The Battle of Frenchtown, also known as the Battle of River Raisin or the River Raisin massacre, is the name given to a sequence of military actions during the War of 1812 that took place in Frenchtown, Michigan territory, in January 1813. It was the largest battle to be fought on Michigan soil. American forces sought to retake Fort Detroit, lost the previous summer, and while the initial skirmishing against British and First Nations forces had swung the tide in the Americans' favour, a series of counter attacks led to a decisive victory for the British and First Nations.
The First Battle of Frenchtown
The loss of Fort Detroit denied the Americans their key outpost for launching an invasion of Upper Canada. The retaking of Fort Detroit was critical to any significant operation and with the defeat of General Hull's forces, President James Madison appointed General William Henry Harrison (a future president himself) to command the army of the Northwest Territory. Harrison set out to turn Hull's defeat into a victory.
In January 1813, Harrison split his forces for a winter campaign against Detroit, with one column commanded by Brigadier General James Winchester, Harrison's second in command. Winchester's column was 2000 strong, but largely filled with untrained regulars and volunteers from Kentucky. En route, they established a base at the Maumee River Rapids.
Here, Winchester heard that the American settlement at Frenchtown was under attack by British and Aboriginal forces. Winchester disobeyed Harrison's orders to keep on point and answered the call for help, sending a detachment of 900 men under Colonel William Lewis. After a brief flurry of action in which the Americans charged across the frozen River Raisin, Lewis's men had driven off their enemies. Winchester soon arrived to find his forces victorious, but this first "Battle of Frenchtown" on 18 January 1813 would have larger consequences.
Harrison, arriving at Maumee, was happy with Lewis's success, but feared there were not enough American forces in Frenchtown to repulse a likely British counter attack. Instead of the more cautious and, in hindsight, better move of having Winchester's forces retreat from the position at Frenchtown, Harrison sent reinforcements at once. Captain Nathaniel Hart was dispatched to give Winchester the clear order "to hold the ground . . . at any rate."
The Second Battle of Frenchtown
But a strong defence required careful and disciplined preparations, and Winchester and his men failed on both accounts. Ignoring warnings that the British and First Nations would return quickly, Winchester argued it would take days before they could mount a serious counter attack. Captain Hart was shocked at the poor defensive preparations that Winchester had made. The men were dispersed across the post, and Winchester himself was staying in an abode some distance south of the town, and had taken with him the army's surplus of black powder. Thanks to Winchester's poor foresight, Frenchtown was ripe for the picking.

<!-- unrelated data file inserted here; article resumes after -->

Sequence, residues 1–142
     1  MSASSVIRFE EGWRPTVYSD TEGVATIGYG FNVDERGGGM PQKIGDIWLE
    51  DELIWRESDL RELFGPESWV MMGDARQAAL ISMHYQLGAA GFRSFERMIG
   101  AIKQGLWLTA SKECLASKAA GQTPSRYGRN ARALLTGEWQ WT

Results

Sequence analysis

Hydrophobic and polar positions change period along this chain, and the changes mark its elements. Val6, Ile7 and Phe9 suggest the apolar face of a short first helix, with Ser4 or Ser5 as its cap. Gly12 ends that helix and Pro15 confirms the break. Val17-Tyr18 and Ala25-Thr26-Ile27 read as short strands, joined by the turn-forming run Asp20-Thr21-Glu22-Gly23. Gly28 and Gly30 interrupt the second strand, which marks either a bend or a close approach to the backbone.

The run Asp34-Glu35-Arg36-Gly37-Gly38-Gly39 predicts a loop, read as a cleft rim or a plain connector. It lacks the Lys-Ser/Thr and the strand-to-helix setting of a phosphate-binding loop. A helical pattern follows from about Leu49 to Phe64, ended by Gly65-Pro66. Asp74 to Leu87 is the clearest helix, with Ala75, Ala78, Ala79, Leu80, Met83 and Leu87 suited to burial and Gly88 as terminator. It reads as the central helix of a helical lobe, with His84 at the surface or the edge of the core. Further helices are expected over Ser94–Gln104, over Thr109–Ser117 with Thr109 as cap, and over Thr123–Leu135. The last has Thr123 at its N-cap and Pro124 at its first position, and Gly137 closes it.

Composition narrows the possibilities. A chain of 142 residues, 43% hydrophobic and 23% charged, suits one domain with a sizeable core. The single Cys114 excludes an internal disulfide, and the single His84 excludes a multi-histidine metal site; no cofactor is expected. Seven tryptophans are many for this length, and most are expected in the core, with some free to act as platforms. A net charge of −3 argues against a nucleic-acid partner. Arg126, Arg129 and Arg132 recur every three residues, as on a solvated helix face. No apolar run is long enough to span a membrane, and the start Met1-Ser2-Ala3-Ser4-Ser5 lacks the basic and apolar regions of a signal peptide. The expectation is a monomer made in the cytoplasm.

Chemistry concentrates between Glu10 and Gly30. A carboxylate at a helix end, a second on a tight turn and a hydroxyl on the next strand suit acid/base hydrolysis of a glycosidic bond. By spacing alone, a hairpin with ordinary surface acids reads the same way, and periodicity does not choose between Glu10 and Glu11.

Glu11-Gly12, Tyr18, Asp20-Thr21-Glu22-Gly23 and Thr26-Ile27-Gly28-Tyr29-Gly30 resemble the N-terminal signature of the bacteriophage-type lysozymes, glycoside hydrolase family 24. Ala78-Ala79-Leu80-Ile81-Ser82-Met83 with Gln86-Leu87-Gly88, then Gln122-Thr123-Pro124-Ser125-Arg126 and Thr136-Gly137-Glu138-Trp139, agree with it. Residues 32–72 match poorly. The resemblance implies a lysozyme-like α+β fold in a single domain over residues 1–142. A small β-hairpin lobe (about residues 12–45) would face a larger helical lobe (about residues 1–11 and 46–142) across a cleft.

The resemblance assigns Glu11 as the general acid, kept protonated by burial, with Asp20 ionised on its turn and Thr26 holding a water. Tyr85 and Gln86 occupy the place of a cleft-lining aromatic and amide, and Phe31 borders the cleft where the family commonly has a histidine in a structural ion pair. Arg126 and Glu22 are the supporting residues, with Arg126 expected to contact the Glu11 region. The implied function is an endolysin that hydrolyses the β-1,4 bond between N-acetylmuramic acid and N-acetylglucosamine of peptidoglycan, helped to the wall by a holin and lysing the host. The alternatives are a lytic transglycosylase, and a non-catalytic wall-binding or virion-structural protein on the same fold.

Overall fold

Colonel Henry Procter, British commander of the troops around Detroit, upon hearing of the defeat of British and First Nations forces at Frenchtown, began to plan for the town's recapture. Gathering a mix of 600 British regulars and local militia, and 800 First Nations forces under Chief Roundhead and Walk in the Water, Procter and his forces marched across the frozen Detroit River. On 21 January 1813, the forces gathered only 8 km from Frenchtown and planned their attack.
As the sun rose on 22 January, the British and First Nations unleashed a surprise attack with artillery fire, which, while unexpected, would have been more effective if ground troops had made a surprise assault first on the sleeping Americans. Instead, the noise of the artillery woke everyone. While American guards returned fire, they had not guarded the northern road into Frenchtown. Encircled, with Aboriginal troops cutting off any but a slim escape route, the American forces of 700 troops, regular and volunteer, were overwhelmed. A unit of Kentucky Rifles, however, held out longer than their commander. When they were shown the letter of surrender Winchester had signed, they prepared to continue to fight to the last man. It took American Major George Madison, who had also fought until the end, to convince them otherwise.
When captured, Winchester received warning from Procter that unless his men laid down their arms, he could not guarantee their safety as prisoners of the First Nations. Winchester ordered his men to surrender. The battle bled into a massacre.
After the battle was over, a group of drunken Aboriginal soldiers killed 30 or more American prisoners, many of whom had been wounded. Procter's weak command of his Aboriginal allies was in part to blame for their misconduct, something that would not have happened if a stronger war chief such as Tecumseh had been present. With these attacks, the American death toll rose to 400, with 500 taken prisoner. A handful of Americans escaped into the cold, taking their boots off to hide their tracks from the First Nations on their heels.
In the aftermath, General Harrison quickly retreated his forces, burned the stores at Maumee, and reconsidered his strategy. While conducting raids, he constructed a proper fortification, Fort Meigs, to launch his next offensive and prepared for another assault. The battle and massacre at Frenchtown was a bitter lesson for the untested American forces that the War of 1812 would not be short nor easily won.